This month’s pose is Sarvangasana, or Shoulder Stand. In Sanskrit, Sarva means “all” or “entire” and Anga means “organ” or “body part.” Translated, it means “full body pose” or “good for all limbs” because of its benefits for the whole body. This posture typically comes towards the end of an asana practice as it is a part of the Ashtanga yoga closing sequence, and is safest to take after the body has been warmed with movement.
To come into shoulder stand, you might begin in plow pose with the toes on the floor behind the head. Slide the palms with the fingers facing upward, just above the hips, and scooch the shoulders in together. Try to support yourself with your shoulders and not your neck. You may choose to take a folded blanket (or two!) underneath the shoulders to create space for the neck. The back is supported by the hands: once up, the hands reach lower down the trunk towards the head, and the trunk is lifted further; the legs may then be straightened to a vertical position. If plow pose is not accessible or feels unsafe for the neck, you may also lift the feet towards the ceiling, bend the knees in towards the chest, and engage the abdominal muscles to rock the hips into the air. Tuck the tailbone, and keep your gaze on the toes to protect the cervical spine. The longer you spend in this posture, the lighter the feet and legs will feel as blood begins to float down into the trunk. If you are very comfortable in Sarvangasana, try bringing the hips over the shoulders. Remember to keep breathing, even though the breath will feel more shallow. To come out of this inversion, slowly bend the knees and bring the soles of the feet back down to the mat. Feel the sacrum release down, and then take the feet out wide on the mat and let the knees fall together. Fish Pose is also a great counter pose and is often done after shoulder stand to relieve neck tension.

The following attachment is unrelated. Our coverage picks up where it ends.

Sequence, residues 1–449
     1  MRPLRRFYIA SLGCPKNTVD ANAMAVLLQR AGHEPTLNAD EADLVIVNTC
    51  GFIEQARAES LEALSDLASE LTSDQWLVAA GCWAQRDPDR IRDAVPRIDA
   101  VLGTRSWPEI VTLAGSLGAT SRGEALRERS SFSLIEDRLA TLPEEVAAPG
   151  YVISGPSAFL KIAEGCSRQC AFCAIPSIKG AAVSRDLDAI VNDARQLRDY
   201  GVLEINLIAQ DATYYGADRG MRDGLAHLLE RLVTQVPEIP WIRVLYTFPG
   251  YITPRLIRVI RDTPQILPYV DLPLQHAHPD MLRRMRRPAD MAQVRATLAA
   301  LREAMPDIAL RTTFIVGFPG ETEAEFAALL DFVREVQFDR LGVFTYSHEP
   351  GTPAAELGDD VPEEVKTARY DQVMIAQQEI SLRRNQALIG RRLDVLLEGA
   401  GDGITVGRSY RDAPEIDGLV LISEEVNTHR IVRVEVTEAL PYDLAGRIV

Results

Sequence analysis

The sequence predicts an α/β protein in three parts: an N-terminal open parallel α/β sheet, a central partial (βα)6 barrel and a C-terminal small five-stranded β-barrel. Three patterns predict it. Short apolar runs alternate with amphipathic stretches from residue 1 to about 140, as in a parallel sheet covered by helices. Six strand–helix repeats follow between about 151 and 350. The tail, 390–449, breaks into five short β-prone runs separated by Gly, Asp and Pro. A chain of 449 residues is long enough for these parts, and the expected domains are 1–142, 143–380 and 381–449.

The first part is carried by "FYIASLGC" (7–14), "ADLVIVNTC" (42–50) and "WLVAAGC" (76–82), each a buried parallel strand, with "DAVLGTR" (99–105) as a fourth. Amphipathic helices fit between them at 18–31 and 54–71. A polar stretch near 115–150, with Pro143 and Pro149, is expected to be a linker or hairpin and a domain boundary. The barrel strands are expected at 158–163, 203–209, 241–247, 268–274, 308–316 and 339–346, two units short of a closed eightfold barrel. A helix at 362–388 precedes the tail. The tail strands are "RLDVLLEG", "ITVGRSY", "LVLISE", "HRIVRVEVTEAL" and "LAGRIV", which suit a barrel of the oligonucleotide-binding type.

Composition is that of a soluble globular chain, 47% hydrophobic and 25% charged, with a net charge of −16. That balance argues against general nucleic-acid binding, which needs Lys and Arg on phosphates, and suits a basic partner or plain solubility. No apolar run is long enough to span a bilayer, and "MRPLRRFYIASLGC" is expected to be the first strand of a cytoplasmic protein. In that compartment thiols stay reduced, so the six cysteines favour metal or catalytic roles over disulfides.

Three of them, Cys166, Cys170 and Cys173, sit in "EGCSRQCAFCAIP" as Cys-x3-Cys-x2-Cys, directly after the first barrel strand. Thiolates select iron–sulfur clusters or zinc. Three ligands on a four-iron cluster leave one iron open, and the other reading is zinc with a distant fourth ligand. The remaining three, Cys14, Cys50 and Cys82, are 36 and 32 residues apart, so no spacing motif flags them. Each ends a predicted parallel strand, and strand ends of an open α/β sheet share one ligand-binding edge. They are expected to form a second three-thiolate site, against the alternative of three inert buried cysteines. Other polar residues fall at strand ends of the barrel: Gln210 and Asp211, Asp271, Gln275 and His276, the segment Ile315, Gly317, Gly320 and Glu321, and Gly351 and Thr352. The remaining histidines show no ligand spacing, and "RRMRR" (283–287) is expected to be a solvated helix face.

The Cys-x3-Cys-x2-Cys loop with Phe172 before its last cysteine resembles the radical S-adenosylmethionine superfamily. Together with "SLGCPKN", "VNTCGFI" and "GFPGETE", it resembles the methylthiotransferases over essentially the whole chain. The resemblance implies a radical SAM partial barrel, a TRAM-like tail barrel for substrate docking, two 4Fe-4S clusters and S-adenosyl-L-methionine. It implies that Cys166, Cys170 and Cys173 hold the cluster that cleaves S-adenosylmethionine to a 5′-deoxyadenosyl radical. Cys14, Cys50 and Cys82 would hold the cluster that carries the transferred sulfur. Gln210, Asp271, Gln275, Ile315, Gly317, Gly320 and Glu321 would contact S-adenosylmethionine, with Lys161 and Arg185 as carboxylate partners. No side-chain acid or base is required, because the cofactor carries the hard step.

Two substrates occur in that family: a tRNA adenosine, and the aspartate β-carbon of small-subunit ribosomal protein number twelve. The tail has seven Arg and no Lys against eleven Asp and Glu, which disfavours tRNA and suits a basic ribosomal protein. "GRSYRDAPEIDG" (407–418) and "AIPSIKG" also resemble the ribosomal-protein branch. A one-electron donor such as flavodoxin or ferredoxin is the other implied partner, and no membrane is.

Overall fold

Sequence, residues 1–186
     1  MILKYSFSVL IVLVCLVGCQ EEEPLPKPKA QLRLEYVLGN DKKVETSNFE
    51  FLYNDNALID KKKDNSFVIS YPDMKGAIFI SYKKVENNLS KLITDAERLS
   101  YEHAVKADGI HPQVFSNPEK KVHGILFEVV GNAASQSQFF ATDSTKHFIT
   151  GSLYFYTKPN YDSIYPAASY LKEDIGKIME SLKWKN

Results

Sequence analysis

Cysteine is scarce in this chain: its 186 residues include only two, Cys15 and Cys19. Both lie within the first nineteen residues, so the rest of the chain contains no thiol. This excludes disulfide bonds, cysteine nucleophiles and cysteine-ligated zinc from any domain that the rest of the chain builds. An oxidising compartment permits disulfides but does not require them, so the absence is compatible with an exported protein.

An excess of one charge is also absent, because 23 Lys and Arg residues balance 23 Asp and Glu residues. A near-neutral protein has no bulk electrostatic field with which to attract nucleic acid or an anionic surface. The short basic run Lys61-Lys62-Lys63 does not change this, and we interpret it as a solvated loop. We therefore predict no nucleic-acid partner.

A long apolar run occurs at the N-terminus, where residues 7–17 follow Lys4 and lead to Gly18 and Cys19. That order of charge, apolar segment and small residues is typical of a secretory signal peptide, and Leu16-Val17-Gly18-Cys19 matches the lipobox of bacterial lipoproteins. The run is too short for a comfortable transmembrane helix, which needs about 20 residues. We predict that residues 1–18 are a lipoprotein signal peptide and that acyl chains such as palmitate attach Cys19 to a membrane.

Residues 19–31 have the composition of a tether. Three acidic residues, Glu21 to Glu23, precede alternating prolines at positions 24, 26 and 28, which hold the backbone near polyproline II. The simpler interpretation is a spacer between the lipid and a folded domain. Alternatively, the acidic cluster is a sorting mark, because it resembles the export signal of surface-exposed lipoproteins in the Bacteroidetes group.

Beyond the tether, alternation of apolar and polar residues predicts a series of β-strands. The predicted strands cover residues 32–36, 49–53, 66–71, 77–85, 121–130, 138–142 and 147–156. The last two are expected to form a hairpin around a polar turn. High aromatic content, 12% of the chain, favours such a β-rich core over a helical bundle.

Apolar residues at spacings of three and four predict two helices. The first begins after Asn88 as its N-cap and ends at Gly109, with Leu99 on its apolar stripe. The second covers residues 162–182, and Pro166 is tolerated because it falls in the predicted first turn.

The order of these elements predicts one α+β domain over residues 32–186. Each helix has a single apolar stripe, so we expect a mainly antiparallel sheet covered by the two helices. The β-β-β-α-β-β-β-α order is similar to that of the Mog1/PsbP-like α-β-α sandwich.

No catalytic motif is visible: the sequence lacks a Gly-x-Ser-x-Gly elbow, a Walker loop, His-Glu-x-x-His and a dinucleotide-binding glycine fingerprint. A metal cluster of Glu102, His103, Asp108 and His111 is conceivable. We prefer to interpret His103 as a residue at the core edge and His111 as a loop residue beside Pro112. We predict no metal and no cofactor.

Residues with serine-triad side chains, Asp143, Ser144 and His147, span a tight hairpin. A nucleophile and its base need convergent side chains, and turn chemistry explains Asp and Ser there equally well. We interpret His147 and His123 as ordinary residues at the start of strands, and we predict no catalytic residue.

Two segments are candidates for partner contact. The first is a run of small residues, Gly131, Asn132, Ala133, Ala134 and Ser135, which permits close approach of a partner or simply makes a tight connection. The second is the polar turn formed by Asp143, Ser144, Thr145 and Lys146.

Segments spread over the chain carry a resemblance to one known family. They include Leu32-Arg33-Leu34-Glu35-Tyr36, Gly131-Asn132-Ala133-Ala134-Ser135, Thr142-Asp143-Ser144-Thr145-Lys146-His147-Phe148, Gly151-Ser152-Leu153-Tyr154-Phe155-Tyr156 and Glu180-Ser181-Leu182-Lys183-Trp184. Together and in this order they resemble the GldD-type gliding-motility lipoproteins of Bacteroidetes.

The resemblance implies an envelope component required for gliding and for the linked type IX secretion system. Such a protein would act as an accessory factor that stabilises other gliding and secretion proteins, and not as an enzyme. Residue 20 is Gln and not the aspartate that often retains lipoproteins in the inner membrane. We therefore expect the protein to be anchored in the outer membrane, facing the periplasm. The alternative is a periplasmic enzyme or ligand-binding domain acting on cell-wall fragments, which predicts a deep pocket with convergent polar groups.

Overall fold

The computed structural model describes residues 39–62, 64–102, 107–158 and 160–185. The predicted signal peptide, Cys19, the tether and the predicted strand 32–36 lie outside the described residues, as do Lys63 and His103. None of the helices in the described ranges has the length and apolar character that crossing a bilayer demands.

If shoulder stand does not feel safe or comfortable, you can always take the supported version, which is called Waterfall. To come into Waterfall, begin on the back with the feet planted on the mat and the knees pointing upward. Press into the soles of the feet to lift the hips and then slide a block on its lowest or middle setting underneath the sacrum. Once the block is securely in place, lift the feet into the air. As with traditional Shoulder Stand, maintain a point of focus on the feet to protect the neck.
Because of our relationship with gravity, Shoulder Stand can feel like quite the novelty: it’s not often we get to be upside down! Take advantage of the opportunity to find some play, perhaps by wiggling each individual toe or pretending like you’re walking on the ceiling.